Tag Archives: logan

Murphy Henry

Murphy Henry

Just got finished with Logan’s lesson. I’ve got him on a pretty strong diet of Earl Scruggs’ classics and for tonight he was supposed to learn “Groundspeed.” Of course he hates it. (He’s never heard Earl’s version so he hasn’t got the sound in his head and he can’t hear the melody. And I couldn’t find a CD with "Groundspeed" on it in my collection.)

Right before he started to play, I remembered that Red was going to glue Logan’s fifth string tuner in because it keeps falling out, and Logan has a gig coming up next week. (This is the village raising the child...) So I gave Logan’s banjo to Red, and let Logan play Dalton’s banjo. As I handed it to him I said, “Dalton never played ‘Groundspeed', so it’s not in this banjo.” Quick as a wink Logan replied, “So if I screw up, it’s not my fault. It’s the banjo’s fault.”

Bada bing! Good one, Logan!

If I’d been thinking as quick as Logan, I would have taken the banjo back, played “Groundspeed” on it, and then handed it back to Logan and said, “It’s in there now. Get it out!”

Actually, he didn’t do too badly. His biggest problem was that syncopated D lick. I told him it was related to the D lick we use in “John Hardy,” and that they are interchangeable, so we spent some time interchanging them. And then we spent some time just playing the “Groundspeed” D lick over and over, together, while Bob Van played a D chord—with alternating bass strings—on the guitar. After two or three minutes of that, Logan was beginning to get the feel of it. It is truly an awesome lick and I’m sure that once Logan has command of it, he’ll just learn to love it. Which is what Lester Flatt said about “The Ballad of Jed Clampett.” The group didn’t like it too well to begin with, but after it sold a couple of million copies, they just learned to love it!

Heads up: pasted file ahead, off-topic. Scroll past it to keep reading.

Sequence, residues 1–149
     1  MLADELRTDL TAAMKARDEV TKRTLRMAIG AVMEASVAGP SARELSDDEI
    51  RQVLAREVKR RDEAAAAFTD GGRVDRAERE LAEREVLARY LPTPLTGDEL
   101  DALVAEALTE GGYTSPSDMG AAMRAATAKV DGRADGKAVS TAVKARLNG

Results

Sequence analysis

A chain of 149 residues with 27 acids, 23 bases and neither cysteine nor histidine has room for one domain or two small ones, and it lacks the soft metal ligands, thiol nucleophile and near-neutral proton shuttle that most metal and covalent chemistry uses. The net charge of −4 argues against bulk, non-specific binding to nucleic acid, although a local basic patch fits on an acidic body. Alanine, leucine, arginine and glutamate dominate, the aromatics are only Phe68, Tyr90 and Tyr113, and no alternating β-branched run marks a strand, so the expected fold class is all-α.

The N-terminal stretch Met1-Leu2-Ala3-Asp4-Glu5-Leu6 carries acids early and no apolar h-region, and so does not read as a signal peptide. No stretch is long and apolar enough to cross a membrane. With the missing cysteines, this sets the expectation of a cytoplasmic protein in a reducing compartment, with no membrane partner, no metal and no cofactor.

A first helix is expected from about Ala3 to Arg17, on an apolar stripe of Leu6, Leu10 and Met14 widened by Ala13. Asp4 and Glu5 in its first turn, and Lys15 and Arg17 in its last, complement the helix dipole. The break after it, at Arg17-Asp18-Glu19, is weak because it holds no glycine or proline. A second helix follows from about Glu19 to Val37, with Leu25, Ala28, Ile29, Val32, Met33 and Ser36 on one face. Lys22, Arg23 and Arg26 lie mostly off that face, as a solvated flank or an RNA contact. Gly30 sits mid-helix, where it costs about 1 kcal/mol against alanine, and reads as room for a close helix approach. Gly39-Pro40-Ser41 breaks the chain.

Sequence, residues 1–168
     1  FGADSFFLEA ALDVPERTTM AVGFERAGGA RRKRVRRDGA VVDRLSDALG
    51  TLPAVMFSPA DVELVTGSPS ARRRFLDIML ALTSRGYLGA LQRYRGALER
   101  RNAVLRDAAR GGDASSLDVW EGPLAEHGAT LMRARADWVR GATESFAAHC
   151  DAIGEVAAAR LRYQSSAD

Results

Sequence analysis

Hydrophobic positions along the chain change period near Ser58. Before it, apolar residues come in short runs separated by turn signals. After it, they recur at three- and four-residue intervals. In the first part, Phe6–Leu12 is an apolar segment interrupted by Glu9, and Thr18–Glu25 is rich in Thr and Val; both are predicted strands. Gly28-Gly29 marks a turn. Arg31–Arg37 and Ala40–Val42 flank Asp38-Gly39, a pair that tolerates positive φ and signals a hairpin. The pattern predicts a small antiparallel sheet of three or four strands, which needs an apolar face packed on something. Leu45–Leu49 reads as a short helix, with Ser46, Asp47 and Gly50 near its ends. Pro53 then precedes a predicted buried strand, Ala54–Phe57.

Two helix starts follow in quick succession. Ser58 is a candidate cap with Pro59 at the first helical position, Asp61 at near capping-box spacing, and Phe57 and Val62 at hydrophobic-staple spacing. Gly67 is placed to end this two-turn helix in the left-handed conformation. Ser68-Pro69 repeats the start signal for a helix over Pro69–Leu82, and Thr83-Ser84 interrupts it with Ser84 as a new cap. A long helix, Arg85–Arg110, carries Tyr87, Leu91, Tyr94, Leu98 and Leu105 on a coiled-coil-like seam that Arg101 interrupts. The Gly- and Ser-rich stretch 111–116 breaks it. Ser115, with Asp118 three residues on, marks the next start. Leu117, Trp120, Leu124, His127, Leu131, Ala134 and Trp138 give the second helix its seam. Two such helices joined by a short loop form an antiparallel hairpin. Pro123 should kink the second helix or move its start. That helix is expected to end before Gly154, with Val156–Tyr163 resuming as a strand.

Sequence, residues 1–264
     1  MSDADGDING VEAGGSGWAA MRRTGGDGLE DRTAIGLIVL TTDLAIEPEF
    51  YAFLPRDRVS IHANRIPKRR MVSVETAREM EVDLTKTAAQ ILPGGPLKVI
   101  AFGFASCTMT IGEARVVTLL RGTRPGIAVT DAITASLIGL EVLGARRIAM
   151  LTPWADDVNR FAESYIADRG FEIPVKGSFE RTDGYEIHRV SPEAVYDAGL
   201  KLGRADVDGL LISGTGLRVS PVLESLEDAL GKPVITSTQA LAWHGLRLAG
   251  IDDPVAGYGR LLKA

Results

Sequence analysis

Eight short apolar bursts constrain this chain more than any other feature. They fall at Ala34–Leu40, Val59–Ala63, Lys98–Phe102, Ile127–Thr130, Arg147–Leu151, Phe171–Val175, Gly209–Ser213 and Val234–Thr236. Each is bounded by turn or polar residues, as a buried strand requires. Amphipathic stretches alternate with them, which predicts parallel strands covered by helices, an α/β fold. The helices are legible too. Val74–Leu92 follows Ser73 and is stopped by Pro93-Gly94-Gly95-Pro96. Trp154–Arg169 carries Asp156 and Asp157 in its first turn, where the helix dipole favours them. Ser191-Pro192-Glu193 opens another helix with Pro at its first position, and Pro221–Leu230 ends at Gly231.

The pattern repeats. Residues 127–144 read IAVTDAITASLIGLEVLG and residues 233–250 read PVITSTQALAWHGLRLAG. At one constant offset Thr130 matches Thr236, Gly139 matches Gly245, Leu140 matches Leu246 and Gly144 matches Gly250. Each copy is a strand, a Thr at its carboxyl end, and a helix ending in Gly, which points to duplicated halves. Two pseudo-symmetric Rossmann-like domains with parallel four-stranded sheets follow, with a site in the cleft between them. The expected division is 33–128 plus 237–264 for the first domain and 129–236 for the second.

By the way, Happy Birthday to my cute little Mama. She turns 85 today!

Murphy HenrySo, I'm at my friend Robyn's house for supper. (She's cooking!) Robyn is one of my Fiddle Sisters, a group of five women who like to play fiddles together. We were hot on the nursing home circuit one Christmas! Anyhow, Robyn is the mother of my sixteen-year-old banjo student Logan, whom I wrote about a few days ago.

Supper is underway and Robyn is doing chef-like things at the counter while Logan is sitting across from her doing something with his laptop. We talk a little bit about the band Old Crowe Medicine Show, one of my new faves, and Logan pulls up one of their songs "Alabama High Test" on the computer and plays it for us.

Then Logan says, "Want to hear my favorite song right now?"

I say, "Sure," guessing that he will play something from one of the hot young bluegrass bands of maybe a jamgrass band.

Instead he clicks on a song title and the ancient tones of "In The Pines" come wafting through the kitchen. Sung by Bill Monroe himself! Complete with harmony "oohing" and the sound of wind moaning through the trees.

I am stunned. And delighted. For a teacher, it doesn't get much better than that. Thanks again, Logan, for "one brief shining moment." (And I hope you have that new break to "Faded Love" worked out by Thursday. If you don't, I'll be sure to post your excuses right here! <G>)